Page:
Keyword Research Guide

You can’t run a cost-efficient SEO campaign if you can’t do effective keyword research. Here, we’ll share the basic keyword research process that we use for our clients’ campaigns. Before we get into the meat of this short guide, we need to define several key ideas surrounding keywords:

  • Keyword. These are words or groups of words used to indicate the contents of a webpage or other document to search engines like Google. Ideally, the content of webpages that are meant to be searchable should be centered around specific keywords. Keywords are important because they are the terms that webmasters hope users will type into Google Search to find their site. In search engine optimization (SEO), more popular or commercially-viable keywords tend to have more value due to the high organic traffic and potential conversions they could bring.
  • Keyword Research. This is the process of choosing the best keywords to use in a given campaign. Keyword research offers digital marketers valuable insights into which keywords should be targeted to deliver the most targeted traffic for the fewest resources. It is an essential step for avoiding wasted effort and ensuring that SEO campaigns can offer maximum returns for a given budget.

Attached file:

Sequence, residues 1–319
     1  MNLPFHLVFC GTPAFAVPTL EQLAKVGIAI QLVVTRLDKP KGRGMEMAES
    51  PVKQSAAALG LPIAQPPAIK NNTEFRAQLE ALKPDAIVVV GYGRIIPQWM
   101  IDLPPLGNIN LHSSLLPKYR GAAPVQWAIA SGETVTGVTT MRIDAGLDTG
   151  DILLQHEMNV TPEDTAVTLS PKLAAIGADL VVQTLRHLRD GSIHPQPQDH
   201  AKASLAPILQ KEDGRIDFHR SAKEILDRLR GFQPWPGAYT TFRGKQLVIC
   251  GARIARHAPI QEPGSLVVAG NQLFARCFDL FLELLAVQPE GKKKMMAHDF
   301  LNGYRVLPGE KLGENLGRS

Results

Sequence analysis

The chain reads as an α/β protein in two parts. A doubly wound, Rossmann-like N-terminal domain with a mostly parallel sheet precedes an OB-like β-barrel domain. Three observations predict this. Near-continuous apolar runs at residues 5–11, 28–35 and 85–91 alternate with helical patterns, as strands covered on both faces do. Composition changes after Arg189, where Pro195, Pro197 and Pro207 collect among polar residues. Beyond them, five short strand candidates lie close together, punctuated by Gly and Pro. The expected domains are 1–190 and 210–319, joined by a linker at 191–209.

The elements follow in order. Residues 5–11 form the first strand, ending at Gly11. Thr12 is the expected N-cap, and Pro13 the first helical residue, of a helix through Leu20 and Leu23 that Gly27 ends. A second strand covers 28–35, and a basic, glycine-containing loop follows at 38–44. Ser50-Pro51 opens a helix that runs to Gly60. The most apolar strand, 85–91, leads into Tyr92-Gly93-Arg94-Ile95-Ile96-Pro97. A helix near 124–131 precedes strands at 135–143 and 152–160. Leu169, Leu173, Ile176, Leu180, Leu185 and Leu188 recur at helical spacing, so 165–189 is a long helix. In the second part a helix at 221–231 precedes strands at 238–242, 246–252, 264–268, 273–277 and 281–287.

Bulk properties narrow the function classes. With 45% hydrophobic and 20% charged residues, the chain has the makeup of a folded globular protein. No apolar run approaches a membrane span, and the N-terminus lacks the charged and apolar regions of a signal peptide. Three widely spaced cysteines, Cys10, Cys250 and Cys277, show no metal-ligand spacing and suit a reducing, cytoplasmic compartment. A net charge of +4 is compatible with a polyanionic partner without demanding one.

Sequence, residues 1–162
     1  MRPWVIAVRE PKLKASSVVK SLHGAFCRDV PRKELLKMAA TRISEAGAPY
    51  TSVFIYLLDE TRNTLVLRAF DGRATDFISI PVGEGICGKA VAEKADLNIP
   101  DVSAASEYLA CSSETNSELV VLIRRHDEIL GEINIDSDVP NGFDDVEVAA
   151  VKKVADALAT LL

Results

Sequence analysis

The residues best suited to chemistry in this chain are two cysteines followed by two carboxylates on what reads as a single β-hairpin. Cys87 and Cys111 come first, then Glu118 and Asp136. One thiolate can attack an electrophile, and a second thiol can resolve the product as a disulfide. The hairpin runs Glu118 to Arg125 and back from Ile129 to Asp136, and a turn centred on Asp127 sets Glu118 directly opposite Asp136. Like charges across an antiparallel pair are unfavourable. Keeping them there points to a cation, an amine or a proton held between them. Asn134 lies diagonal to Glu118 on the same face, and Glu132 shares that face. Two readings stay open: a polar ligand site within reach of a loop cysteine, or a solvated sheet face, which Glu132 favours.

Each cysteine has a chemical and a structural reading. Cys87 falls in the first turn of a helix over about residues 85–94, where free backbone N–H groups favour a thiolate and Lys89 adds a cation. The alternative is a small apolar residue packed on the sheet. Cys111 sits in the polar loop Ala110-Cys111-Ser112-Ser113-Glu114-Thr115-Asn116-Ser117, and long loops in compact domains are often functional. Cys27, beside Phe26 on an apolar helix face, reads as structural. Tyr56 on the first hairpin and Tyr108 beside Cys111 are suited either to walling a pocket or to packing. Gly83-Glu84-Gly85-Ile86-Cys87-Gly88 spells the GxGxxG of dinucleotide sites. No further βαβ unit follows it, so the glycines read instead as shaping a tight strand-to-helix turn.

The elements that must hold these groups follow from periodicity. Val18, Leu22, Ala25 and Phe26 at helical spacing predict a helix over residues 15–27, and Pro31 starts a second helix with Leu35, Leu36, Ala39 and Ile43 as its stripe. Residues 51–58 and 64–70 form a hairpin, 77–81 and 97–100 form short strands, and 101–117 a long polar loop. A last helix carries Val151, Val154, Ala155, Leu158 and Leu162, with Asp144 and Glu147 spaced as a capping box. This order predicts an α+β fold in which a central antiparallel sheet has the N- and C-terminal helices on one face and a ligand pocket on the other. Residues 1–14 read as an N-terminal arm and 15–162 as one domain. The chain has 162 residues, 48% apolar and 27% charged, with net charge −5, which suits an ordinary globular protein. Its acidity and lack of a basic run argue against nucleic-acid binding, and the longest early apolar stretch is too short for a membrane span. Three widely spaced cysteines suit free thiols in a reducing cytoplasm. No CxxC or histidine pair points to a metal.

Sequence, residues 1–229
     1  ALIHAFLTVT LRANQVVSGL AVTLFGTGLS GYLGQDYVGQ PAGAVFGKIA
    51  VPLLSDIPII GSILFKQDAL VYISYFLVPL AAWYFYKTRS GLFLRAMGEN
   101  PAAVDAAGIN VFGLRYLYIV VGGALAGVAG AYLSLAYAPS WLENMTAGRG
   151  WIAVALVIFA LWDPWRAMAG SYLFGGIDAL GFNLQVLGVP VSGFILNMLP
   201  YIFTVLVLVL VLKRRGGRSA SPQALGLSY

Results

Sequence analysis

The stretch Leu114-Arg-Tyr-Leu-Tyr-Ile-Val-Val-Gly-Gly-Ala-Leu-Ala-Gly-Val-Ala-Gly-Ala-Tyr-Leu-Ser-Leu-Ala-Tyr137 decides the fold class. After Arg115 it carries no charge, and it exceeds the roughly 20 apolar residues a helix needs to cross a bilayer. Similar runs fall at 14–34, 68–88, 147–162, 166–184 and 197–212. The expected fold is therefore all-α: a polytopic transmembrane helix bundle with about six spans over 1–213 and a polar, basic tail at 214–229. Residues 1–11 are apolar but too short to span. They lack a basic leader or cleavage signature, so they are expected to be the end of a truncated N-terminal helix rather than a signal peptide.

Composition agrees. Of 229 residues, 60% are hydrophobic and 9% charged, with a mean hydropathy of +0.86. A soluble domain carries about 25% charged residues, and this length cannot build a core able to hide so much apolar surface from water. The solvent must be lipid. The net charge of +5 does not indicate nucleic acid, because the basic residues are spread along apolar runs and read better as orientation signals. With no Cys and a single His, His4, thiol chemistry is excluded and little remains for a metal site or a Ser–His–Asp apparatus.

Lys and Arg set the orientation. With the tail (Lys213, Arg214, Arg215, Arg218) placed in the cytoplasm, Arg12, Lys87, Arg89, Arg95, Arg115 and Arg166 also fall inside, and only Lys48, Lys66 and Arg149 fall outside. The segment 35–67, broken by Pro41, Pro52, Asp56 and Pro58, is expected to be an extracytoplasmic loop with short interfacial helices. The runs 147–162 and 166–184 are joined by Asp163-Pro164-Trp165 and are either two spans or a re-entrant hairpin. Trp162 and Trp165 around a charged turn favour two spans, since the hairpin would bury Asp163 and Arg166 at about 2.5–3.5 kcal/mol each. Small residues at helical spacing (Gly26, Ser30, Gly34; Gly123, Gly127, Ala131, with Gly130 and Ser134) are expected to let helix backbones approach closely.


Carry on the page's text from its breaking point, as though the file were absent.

Keywords According to Intent

Keywords are classified according to the intent that most people have when they use them. They are often classified as one of the following:

  • Navigational. These are keywords used to find a specific webpage. Visitors that are looking for a specific page or piece of content may type a navigational keyword into a search engine to access a page they want.
  • Informational. People who use these keywords are likely to be interested in learning about something and are less interested in buying — at least for now.
  • Commercial/Transactional. People who use these are probably close to buying a product or service. For example, keywords like “buy shoes Manila” or “tax lawyer Philippines” are probably used by people actively looking for shoes or tax lawyers. These keywords are sometimes known as “money keywords” because of their value to businesses.

Type of Keywords According to Brand

Keywords can further be classified according to whether or not they include a brand or trademark: